Using history as a support to investigate the domestic and international relations contexts that bore financialized globalization, the paper is strongly located into political sociology. As such, and if we consider that political sociology is the “science of power”, the paper tries to identify precisely the networks of power and influence which transformed a specific interpretation of liberalism and business into a dominant paradigm and specific kind of capitalism, in the USA and the rest of the world. The approach helps to understand which sets of ideas and authors were deemed worth supporting by business and political networks of power and influence and how both sides drew on their reciprocal resources to transform their cosmogonies into dominant paradigms and real politics (corporate and States).
The paper provides a global but precise understanding of the complex processes that allowed some vested interests to impose their vision of economics and business on a domestic, then world, scale. It also questions the relevancy of that vision according to a presentation of the negative societal externalities the associated policies generated and according to the official investigations that have been conducted on the corporate and banking misdemeanors that it contributed to generate.
The paper illustrates a method of investigation that can be used to develop the “global view”, a prerequisite to making decisions in full knowledge of causes and consequences and thus a means to train future “globally responsible leaders”.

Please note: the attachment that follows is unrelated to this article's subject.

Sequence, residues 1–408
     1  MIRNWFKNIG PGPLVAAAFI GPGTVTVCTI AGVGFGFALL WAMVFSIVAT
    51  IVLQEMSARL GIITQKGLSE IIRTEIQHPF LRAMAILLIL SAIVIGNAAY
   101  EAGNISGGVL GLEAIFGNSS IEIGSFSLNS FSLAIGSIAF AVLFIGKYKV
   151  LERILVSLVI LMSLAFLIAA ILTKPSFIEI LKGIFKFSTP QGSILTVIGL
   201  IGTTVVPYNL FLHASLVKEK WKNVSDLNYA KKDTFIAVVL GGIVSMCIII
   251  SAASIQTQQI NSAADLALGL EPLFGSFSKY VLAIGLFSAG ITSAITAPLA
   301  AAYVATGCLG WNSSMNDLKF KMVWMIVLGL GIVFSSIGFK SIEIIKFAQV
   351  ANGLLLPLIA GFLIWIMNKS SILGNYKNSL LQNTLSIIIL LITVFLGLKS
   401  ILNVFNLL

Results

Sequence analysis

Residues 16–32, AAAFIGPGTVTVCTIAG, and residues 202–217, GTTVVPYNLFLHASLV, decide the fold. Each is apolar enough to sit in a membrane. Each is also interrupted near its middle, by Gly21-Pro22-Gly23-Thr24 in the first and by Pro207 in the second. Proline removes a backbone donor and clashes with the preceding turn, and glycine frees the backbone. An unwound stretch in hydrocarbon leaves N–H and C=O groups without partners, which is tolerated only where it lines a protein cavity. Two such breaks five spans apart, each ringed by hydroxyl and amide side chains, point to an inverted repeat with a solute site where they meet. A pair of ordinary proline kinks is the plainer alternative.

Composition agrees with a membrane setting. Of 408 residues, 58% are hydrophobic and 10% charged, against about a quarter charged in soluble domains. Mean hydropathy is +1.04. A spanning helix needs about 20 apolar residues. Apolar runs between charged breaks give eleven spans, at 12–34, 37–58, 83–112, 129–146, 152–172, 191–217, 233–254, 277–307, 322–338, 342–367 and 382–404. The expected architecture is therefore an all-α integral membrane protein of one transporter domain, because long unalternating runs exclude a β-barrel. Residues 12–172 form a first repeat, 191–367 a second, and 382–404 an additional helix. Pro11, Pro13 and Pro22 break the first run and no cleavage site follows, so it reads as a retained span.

By revealing the hidden interests behind financialized globalization and the societal consequences of their power plays, the paper indirectly demonstrates the urgent need for an “alter‐economy” geared to meet the fundamental needs of societies and to preserve their natural environment in the long term.
The paper offers a different perspective on economics and business which is seldom presented in business schools where, owing to the discussed dominant ideology, politics is considered irrelevant to understand business and economics and where the latter are nearly always presented as vectors of good.
It is suggested that the approach of the social economist to social problems, if followed, would lead to The Good Society, one in which the lot of our “human resources” would be considerably ameliorated. For the social economist the goal of the economy is not private profit nor is it improvement in the fertility of the soil nor capital accumulation for their own sakes and that of their owners, but the material, moral and spiritual well‐being of homo sapiens. The social economist is concerned with the efficiency of the capitalist system relative to the broad goals of society, rather than the maximisation of private property.
In order to answer this question, it will first be necessary to distinguish between political and economic correctness on the one hand, and then between Austrian and…
Friedman and Schwartz have argued that the Great Depression was primarily caused by mistakes in monetary policy. This paper presents evidence supporting this view. Four…
Friedman and Schwartz have argued that the Great Depression was primarily caused by mistakes in monetary policy. This paper presents evidence supporting this view. Four percent money growth over the period 1929–1941 is found to prevent the Great Depression completely. Indeed, had such a policy been followed, real income would have grown nearly as rapidly in the 1930s as it grew in the 1920s.